Caring for a loved one with dementia can bring about many challenges for families and caregivers. People with dementia stemming from conditions such as Alzheimer’s and other related diseases have a progressive biological brain disorder which makes it more and more difficult for them to remember things, think clearly, communicate with others, and take care of themselves. Feeling challenged by everything involved with caring for your loved one struggling with dementia? Here are some important tips to help you with getting them the care they need. Click To Tweet
If your loved one was recently diagnosed with dementia or their disease has progressed to a more challenging level, it is imperative that you seek help, get educated on their needs and keep a positive mood when you are around them. Here are three ways to help ease the struggle and help with the challenges involved with dementia.
One of the most important things you can do when you are struggling to help a loved one with dementia is to learn everything you can about the disease. Join support groups, read books on the subject, and get as much information as possible so you can learn what to expect and how to work with a person with dementia.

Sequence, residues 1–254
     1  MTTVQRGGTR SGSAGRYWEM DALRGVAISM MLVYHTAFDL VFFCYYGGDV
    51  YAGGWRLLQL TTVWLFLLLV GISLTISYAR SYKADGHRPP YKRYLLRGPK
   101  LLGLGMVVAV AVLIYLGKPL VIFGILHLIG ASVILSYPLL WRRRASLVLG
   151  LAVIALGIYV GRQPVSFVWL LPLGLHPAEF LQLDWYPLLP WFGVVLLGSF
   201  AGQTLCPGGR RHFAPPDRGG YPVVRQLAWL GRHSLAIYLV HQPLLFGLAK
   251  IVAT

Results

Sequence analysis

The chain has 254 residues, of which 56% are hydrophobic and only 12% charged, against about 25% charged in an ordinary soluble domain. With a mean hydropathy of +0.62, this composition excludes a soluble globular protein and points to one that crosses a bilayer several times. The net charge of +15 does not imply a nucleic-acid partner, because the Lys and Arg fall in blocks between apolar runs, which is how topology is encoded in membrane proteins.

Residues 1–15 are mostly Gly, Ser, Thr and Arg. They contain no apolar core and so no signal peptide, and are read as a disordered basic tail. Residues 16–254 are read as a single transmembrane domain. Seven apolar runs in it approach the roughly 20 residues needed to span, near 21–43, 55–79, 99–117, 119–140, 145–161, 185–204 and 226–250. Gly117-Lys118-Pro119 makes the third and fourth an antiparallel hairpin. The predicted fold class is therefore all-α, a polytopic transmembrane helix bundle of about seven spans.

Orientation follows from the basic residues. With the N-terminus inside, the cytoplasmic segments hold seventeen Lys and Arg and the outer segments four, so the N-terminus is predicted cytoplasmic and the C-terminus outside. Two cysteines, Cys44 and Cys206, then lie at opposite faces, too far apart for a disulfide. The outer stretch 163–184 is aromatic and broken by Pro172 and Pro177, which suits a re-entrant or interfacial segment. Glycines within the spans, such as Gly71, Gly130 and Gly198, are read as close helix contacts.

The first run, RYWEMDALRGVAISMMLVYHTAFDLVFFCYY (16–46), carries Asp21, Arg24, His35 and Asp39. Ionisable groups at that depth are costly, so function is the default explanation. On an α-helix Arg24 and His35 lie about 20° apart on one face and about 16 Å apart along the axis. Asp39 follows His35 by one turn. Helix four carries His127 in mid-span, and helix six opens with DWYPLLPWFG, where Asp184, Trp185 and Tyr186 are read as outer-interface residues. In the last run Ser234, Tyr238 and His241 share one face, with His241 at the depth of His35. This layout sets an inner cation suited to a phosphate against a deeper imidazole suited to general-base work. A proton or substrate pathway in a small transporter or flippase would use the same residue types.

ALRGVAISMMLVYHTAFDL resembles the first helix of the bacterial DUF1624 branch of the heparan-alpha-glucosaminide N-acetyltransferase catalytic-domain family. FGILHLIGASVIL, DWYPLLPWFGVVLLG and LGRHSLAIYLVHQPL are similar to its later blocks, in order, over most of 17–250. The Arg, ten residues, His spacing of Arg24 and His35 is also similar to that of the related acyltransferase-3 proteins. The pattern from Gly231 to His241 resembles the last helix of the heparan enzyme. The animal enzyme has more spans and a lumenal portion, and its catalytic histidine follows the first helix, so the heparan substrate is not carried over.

Set a Positive Mood
Your loved one is going through changes that can affect their mood, memory, and overall well-being. Due to this, it is ideal for you to set a positive mood around the person suffering dementia. Use facial expressions, the tone of voice, and physical touch to help convey your message and show your feelings of affection. Your attitude and body language communicate your feelings and thoughts more strongly than your words do when working with those with dementia. Set a positive mood by speaking to your loved one in a pleasant and respectful manner.
Sometimes, if your loved one is struggling with dementia, the best thing to do it seek outside help. Memory care offers additional assistance with daily living in a secure surrounding, and the environment and activities are both specifically designed with those who have dementia or Alzheimer’s in mind.
ProTip: With the specialized care of Memory Care, the goal is not to limit or isolate individuals with dementia, but to allow them to live their lives to the fullest in a safe and peaceful environment as best as they can.
Getting Help for Your Loved One with Dementia
Over 15 million people in the United States alone care for someone with Alzheimer’s or dementia. While the caregiving journey can be rewarding, it is no secret that it can also be overwhelmingly challenging. Remember, it is OK to ask for help and sometimes it can be just the thing to help someone struggling with dementia.
Join the conversation if you are dealing with a parent struggling with dementia and want to learn more about the help available, and memory care.